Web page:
Renaming or Overloading In Python

Paul McGuire ptmcg at austin.rr.com
Sun Mar 18 20:43:42 CET 2007


On Mar 18, 2:17 pm, "gamename" <namesagame-use... at yahoo.com> wrote:
> Hi,
>
> I'm a recent convert from TCL.  One of the more powerful aspects of
> TCL is the ability to rename a function at will (generally for testing
> purposes).
>
> Example from the tcl doc:
>
> rename ::source ::theRealSource
> set sourceCount 0
> proc ::source args {
>     global sourceCount
>     puts "called source for the [incr sourceCount]'th time"
>     uplevel 1 ::theRealSource $args
>
> }
>
> So, is such a thing possible in Python?
>
> Thanks,
> -T

If you do this sort of thing a lot, you might read up on Python
decorators.  Using a simple syntax, you can easily wrap a function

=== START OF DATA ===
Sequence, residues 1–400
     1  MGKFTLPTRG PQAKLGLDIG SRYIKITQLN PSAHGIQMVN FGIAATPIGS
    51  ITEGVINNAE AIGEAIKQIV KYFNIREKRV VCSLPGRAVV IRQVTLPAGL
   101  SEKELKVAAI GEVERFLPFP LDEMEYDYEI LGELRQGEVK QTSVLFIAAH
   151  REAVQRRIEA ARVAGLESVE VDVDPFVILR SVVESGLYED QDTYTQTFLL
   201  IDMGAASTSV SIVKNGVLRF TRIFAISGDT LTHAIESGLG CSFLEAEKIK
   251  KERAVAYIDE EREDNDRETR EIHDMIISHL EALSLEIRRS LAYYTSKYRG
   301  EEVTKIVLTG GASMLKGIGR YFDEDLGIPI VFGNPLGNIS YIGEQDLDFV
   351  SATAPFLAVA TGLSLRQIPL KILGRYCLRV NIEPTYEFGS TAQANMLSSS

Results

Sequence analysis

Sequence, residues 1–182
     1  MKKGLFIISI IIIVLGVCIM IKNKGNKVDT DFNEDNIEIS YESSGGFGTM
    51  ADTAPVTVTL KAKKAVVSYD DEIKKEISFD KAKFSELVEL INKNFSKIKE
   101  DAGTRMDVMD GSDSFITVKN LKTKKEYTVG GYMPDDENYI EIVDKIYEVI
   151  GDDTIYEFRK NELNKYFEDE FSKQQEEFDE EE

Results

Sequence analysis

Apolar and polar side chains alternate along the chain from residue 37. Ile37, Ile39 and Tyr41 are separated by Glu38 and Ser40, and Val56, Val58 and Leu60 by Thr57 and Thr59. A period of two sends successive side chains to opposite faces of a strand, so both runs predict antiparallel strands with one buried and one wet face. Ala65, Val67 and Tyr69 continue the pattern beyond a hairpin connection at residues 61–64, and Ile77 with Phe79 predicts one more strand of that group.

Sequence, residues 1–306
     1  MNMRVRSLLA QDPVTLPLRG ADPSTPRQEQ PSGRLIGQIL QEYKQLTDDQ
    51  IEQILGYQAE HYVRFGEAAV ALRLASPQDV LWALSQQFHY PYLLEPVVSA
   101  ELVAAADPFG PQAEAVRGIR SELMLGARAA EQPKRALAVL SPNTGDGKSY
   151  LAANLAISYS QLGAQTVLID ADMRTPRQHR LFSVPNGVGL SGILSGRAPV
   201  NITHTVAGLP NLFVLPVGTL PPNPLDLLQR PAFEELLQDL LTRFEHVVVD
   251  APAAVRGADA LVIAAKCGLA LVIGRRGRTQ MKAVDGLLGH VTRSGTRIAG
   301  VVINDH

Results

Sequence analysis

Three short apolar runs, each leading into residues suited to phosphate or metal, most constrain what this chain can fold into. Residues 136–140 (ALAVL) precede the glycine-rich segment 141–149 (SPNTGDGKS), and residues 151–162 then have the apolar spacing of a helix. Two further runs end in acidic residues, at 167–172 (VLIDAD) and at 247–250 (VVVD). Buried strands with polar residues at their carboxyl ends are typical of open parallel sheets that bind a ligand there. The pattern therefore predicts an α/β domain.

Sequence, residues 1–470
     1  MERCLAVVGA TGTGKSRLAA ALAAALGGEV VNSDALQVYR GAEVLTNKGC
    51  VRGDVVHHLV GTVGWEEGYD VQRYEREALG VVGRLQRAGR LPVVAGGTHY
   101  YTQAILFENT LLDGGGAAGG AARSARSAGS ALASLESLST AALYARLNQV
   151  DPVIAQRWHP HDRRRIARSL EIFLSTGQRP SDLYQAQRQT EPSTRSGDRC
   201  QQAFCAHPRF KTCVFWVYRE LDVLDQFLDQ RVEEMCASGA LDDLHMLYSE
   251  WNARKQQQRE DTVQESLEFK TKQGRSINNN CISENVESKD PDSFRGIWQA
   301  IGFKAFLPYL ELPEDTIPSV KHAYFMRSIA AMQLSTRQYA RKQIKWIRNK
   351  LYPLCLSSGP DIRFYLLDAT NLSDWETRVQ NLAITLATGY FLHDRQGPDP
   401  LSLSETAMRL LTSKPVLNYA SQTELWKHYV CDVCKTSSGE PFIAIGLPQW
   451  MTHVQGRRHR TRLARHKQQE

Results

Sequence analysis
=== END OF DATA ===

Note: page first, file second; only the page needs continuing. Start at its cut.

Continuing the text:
with debugging/logging, synchronization, or any other wrapper
behavior.  Here is your function counter implemented as a decorator:

def functionCounter(fn):
    fname = fn.__name__
    def tempFn(*args):
        tempFn._callCount += 1
        print "Calling %s for the %d'th time" % (fn.__name__,
tempFn._callCount)
        fn(*args)
        print "Called %s for the %d'th time" % (fn.__name__,
tempFn._callCount)
    tempFn._callCount = 0
    tempFn.__name__ = fn.__name__
    return tempFn

@functionCounter
def foo():
    print "body of foo"

foo()
foo()
foo()

Prints out:
Calling foo for the 1'th time
body of foo
Called foo for the 1'th time
Calling foo for the 2'th time
body of foo
Called foo for the 2'th time
Calling foo for the 3'th time
body of foo
Called foo for the 3'th time


What is happening here is that, at module import time, the function
functionCounter is called, passing it the function foo.  The @
decorator is a shortcut for this statement, entered after foo is
defined:

foo = functionCounter(foo)

You can find more decorators at the Python wiki:
http://wiki.python.org/moin/PythonDecoratorLibrary

-- Paul






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